In 2014, during an event organized by the University of Reading, a chatbot passed the legendary Turing Test after it convinced 33% of the judges it was actually a 13-year-old boy.
That was nearly a decade ago, and machine learning has only evolved further. In the process, it's become an integral part of the marketing world.
Machine learning is a type of artificial intelligence (AI) that allows software to increase predictive accuracy through complex algorithms fueled by historical data without the need for specific programming.
Like the human brain, it leverages what it already knows to learn new things. Four distinct types of machine learning are relevant to marketing: supervised learning, unsupervised learning, semi-supervised learning, and reinforcement learning.
- Supervised Learning: Essentially, this means training. Scientists provide labeled data and tell the computer what correlations they want it to make. Both the information and the outcome are clearly defined.
- Unsupervised Learning: Unsupervised learning is when a computer is provided with non-specific data and told to scan it, search for patterns, and organize similar elements into subsets.
- Semi-Supervised Learning: A hybrid of the two previous concepts. A computer is fed labeled data but given the freedom to decide how the data should be handled.
- Reinforcement Learning: Scientists teach the computer a multi-step process with clear rules, including negative and positive cues to offer guidance. Besides that, the computer can plan its own tactics within the established parameters. This is how we can teach AI to play a game like chess, for example.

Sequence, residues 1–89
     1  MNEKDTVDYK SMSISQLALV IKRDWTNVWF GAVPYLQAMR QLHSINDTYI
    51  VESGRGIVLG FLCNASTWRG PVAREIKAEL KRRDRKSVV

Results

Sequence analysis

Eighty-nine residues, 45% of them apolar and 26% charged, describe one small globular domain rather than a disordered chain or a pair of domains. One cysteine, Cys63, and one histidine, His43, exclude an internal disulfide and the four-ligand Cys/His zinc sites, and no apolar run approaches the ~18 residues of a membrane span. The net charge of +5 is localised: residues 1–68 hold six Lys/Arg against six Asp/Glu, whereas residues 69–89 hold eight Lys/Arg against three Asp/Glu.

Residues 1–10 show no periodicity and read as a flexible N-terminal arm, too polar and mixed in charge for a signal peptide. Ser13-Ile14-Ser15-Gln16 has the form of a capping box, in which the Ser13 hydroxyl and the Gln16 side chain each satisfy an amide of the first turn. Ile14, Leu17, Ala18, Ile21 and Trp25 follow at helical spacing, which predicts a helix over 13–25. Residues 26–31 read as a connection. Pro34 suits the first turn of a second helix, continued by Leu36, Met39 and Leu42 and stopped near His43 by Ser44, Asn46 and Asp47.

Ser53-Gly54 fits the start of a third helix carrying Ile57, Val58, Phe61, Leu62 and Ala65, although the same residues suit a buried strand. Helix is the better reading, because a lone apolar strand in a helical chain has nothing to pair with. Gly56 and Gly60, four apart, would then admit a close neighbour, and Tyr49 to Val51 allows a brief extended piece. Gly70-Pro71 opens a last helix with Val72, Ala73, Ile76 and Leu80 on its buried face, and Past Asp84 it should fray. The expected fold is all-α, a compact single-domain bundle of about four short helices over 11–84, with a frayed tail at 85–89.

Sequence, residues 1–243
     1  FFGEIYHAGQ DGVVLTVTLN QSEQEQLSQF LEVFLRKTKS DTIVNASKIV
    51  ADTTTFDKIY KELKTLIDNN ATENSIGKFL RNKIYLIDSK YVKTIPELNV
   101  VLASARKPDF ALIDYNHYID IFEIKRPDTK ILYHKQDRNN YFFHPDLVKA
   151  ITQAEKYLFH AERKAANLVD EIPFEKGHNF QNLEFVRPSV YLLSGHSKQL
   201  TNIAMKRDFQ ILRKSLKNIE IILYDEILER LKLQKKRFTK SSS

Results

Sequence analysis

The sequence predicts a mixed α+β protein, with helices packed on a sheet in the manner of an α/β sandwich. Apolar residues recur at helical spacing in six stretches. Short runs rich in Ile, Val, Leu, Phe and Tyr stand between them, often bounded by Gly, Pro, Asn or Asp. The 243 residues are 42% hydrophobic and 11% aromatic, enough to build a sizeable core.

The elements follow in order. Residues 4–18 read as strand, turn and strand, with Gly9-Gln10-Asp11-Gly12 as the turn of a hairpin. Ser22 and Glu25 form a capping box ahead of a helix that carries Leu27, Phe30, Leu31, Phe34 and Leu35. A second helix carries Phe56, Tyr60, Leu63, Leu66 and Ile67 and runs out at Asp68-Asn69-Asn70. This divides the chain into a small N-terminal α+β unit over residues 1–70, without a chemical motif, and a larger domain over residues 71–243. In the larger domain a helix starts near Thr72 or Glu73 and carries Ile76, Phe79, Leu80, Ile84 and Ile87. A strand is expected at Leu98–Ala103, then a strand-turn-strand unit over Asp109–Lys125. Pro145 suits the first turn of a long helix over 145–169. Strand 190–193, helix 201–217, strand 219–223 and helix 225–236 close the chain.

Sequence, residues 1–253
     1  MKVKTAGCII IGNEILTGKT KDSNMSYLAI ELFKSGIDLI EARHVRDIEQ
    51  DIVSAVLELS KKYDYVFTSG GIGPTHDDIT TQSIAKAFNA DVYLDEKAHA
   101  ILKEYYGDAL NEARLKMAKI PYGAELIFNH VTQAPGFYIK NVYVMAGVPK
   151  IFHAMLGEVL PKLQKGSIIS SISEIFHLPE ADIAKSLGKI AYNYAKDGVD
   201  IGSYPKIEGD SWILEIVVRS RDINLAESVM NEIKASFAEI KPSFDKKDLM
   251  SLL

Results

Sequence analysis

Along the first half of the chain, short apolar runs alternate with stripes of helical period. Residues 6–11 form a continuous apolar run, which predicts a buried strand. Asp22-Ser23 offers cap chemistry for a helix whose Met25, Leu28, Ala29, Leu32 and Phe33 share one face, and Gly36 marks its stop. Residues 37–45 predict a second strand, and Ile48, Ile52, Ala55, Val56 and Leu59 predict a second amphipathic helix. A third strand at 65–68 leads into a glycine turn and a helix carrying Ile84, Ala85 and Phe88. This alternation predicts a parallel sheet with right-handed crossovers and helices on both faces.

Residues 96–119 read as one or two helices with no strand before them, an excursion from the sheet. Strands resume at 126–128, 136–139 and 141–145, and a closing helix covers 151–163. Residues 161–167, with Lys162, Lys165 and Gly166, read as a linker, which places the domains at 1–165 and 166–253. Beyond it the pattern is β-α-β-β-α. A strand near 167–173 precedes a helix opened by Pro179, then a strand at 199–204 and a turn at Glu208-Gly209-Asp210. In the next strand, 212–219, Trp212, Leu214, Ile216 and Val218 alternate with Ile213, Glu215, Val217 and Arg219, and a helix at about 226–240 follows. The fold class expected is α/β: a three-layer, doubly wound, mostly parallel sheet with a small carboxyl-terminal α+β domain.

Today's most sophisticated AI marketing tools use elements from all four approaches but are primarily driven by unsupervised learning.
Today, AI marketing tools can be linked to a business' digital real estate (website, social media, review aggregates, etc.), then methodically document customer interactions and mine them for actionable data.
AI can also identify similarities between various audience members and split them into unique groups to facilitate targeting endeavors. Because of this, marketers can now discover who to target and how, reaching out to prospects with highly personalized ad content that is predicted to resonate.
It's important to understand that computers aren't necessarily taking our marketing jobs and they can certainly help us do them better.
According to the McKinsey Global Institute, machine learning is projected to generate between $1.4 and $2.6 trillion in value over the next three years by solving common marketing and sales problems.
Don't get stuck in the past. Put the power of problem-solving AI and machine learning to work for your company.
Victoria Richardson is the Director of Marketing at AiAdvertising.